This *was* Donalsonville, I realized. I saw a motel, a gas station. Even the courthouse and police station were right here in this central location. I saw a few neighborhoods close by. The entire city revolved around this quaint little square.
I pulled up in front of the motel. The Sleep Express. A cute little inn complete with an antique shop inside. Who could resist?
Hesitant, I waited in my car for a moment. I saw a handful of people chilling in the park. Families, senior citizens, even teenagers. They were all so well-dressed. All of them with warm smiles on their faces. They looked like they belonged in a 1950s sitcom or a cheesy commercial. How was this All-American city such an ongoing All-American bloodbath?
I was still nervous about how they’d react to me. Jessica Johnson. The intelligent black college student. Super Liberal and uncompromising… as if my dreads and eclectic thrift shop wardrobe didn’t make that obvious enough. God, I don’t know how Sarah came out of WholesomeTown the way she did…
I finally said fuck it and checked in. Okay, maybe a few chugs from my Miller-Lite-filled traveling cup helped. Once I got inside The Sleep Express, I only saw one other customer: an old lady shuffling up a small staircase. Judging by her age, I doubt she was checking out anytime soon. Probably a local using the motel as a cheap nursing home.
Near the small front desk was the antique shop. I looked through it and saw all kinds of strange religious figurines. There were what looked like relic tools and weapons too. Old guns, knives, etc. Daggers that looked like they came from a Biblical torture chamber. All of them looked so worn too. Used.
All the artwork was impressive if gory. Religious drawings featured decapitations, crucifixions, disembowelings. Quite a lot of nude men and women were the featured victims. Apparently, this wholesome town didn’t mind a little bloodshed. As long as religion was involved, at least.
Maybe all of these weapons came straight out of Donalsonville’s violent history, I thought. They could’ve been recent murder weapons for all I knew.
“Excuse me,” I heard a kind Southern drawl call out to me.
Startled, I whirled around. A blonde young woman stood behind the front desk. Physically, I figured she was my age. Cute in a preacher’s daughter kind of way. Her attractiveness muddled by a baggy shirt and jeans that made her look like a kid or a depressed mom.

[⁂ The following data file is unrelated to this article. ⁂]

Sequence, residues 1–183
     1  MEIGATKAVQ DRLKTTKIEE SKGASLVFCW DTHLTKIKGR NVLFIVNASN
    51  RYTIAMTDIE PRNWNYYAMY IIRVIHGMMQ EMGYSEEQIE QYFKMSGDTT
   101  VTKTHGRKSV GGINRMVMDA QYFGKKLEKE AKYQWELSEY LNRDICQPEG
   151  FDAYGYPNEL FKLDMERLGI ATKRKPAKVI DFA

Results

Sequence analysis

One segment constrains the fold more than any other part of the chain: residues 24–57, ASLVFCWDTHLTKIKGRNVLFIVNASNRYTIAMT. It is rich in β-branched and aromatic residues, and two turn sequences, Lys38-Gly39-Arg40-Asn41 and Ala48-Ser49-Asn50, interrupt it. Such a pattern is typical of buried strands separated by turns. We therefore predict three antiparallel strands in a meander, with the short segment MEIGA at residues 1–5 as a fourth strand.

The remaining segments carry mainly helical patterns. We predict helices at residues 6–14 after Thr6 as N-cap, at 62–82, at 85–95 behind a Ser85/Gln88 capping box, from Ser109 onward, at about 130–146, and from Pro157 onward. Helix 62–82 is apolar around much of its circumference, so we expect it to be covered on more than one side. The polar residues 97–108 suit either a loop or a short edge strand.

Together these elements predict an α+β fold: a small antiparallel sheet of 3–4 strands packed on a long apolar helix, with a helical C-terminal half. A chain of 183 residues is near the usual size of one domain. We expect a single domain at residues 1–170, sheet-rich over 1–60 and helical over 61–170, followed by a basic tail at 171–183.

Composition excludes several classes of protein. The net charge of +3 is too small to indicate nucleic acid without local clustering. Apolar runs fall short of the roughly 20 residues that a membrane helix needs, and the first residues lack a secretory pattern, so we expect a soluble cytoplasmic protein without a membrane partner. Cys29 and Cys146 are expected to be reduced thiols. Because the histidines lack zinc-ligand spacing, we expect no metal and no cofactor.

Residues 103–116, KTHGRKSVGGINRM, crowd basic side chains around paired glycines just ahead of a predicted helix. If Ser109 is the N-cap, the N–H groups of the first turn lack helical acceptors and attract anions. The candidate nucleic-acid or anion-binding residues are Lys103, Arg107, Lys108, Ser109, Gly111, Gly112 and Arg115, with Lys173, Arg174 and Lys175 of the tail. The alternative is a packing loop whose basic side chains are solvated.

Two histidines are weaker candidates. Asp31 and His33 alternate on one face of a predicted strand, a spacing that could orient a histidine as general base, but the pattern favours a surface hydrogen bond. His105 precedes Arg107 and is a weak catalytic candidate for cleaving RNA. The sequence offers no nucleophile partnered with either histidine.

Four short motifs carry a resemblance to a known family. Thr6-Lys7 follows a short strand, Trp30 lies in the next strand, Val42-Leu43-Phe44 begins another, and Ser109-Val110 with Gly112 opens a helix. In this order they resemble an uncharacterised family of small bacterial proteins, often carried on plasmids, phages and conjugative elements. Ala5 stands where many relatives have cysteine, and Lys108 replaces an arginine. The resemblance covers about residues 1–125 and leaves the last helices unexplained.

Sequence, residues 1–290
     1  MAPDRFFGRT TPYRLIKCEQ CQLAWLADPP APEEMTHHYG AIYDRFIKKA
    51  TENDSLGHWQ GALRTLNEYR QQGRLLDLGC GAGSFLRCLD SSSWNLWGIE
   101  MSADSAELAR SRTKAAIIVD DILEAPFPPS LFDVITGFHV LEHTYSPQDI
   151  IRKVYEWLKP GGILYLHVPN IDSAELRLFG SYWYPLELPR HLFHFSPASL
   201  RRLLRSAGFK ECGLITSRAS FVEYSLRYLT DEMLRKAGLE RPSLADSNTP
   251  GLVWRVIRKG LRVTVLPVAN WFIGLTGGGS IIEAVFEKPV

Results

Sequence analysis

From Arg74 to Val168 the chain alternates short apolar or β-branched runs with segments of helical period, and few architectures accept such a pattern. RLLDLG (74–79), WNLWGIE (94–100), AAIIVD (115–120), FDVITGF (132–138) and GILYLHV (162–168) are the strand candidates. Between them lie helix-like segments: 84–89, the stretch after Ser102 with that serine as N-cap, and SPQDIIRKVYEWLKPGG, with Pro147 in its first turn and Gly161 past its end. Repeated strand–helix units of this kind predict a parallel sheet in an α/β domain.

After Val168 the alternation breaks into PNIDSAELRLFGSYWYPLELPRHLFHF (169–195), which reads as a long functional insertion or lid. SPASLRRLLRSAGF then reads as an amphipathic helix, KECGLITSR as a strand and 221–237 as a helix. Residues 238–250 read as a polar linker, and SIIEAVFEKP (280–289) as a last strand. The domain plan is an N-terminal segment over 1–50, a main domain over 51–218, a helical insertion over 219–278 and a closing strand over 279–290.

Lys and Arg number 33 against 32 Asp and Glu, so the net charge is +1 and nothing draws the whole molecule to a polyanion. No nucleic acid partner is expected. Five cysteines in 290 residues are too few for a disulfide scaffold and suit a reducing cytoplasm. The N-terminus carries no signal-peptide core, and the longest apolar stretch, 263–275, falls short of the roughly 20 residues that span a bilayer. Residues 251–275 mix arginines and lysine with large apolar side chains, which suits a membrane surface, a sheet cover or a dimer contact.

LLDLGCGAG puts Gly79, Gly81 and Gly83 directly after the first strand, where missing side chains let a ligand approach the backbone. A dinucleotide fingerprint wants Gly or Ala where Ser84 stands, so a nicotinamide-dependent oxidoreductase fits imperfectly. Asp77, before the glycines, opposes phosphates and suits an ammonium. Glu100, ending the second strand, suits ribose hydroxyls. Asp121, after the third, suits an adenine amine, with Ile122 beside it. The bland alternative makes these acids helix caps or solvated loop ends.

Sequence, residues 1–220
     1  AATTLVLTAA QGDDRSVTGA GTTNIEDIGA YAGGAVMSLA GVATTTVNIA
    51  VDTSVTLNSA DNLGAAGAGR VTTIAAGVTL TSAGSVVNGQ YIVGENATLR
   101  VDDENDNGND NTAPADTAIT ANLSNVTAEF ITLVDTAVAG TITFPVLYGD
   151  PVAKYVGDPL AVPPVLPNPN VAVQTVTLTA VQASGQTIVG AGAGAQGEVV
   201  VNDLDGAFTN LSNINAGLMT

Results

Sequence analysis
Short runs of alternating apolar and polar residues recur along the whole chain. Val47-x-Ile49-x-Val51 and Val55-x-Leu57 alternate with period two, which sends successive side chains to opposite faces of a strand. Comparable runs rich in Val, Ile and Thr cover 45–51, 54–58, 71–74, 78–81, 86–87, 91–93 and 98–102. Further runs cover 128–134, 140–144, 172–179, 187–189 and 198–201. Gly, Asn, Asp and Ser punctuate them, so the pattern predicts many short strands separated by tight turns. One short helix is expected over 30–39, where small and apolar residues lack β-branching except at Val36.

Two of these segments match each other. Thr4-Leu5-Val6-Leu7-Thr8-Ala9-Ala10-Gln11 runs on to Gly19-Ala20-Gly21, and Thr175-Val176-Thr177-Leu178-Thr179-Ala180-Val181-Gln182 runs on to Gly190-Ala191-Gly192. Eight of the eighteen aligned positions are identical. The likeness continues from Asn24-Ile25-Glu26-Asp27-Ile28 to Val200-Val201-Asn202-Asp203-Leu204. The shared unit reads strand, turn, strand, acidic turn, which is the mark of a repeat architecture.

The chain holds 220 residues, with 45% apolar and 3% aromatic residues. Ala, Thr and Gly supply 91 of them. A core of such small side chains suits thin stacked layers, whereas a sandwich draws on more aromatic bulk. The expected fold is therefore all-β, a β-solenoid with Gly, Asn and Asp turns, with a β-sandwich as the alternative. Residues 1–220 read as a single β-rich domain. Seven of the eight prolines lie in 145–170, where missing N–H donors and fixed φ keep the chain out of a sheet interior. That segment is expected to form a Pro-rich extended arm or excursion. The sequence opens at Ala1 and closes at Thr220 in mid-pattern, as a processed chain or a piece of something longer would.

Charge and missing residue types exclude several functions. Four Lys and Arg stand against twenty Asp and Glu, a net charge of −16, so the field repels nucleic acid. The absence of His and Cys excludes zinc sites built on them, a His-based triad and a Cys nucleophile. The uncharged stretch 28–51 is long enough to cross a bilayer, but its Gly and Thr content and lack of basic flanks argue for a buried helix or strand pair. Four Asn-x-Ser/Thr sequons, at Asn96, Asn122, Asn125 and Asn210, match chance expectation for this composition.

“Do you need a room?” she asked, a polite smile on her face.
I saw unease in her expression. Like she was struggling to mask her distrust behind that wall of a fake smile.
Grinning, I approached her. “Yeah. Just for a couple of nights.” My voice was cool and confident. Thank you, Miller.
Like they were decorations, I saw a few flyers positioned across the desk. All of them advertised various Donalsonville events. Nothing for out of town. To my disappointment, I saw nothing regarding Donalsonville’s infamous reputation as a murder capital either. There were no ghost tours or anything related to its dark history. Just… square dances. Lots and lots of squaredowns at, you guessed it, the gazebo.
The flyers all depicted the same countrified cliches from the welcome sign. The gazebo was illustrated like a shrine.
I got room number seven from the clerk. Then like a veteran cop, like my dad I should say, I chatted her up. I could feign friendliness much better than her too.
She told me her name was Ann. And all she wanted to discuss was local restaurants, the beauty of square dancing, and all the local hunks she’d been swooning over. Ann was boring me to tears. Unlike Sarah, Ann had no fire or passion. No personality. If anything, her sincere commitment to being the town sweetheart frightened me.
After getting stuck on this mindless talk for well over five minutes, I managed to steer our conversation toward Sarah. I told Ann about how me and Sarah went to college together. About how I’d come to Dvile to see her.
Obviously, in a town this small, I figured her and Ann probably knew each other. And my intuition was spot on. Much to my amusement, Ann went into great detail about how strange Sarah was. How Sarah didn’t like square dancing all that much, how she didn’t date any of the locals, etc. She was “different.”
“What’s so weird about that?” I joked.
Ann hesitated. Her forced smile couldn’t hide her unease. Her eyes wandered off toward the antiques. I noticed they gravitated to the weaponry in particular. “Well, nothing,” she said. “It’s just kinda weird, you know. I mean why would you wanna leave Donalsonville?” She looked right at me. “People are so friendly.”
“I can tell.”
Smirking, Ann motioned toward my outfit. “She always dressed like that too. Like she was from Mars or something.”
We both chuckled. I wanted to punch her caked face right then and there.
“Sarah was so different,” Ann went on. “I like her, but I don’t know like why she just had to go off like that. That’s too far away from her parents, you know. It’s too far from home.”
“You didn’t go to college?”
She stumbled beneath my stern gaze. “No… but my brother did! But then he dropped out. I ain’t seen him since to be honest.”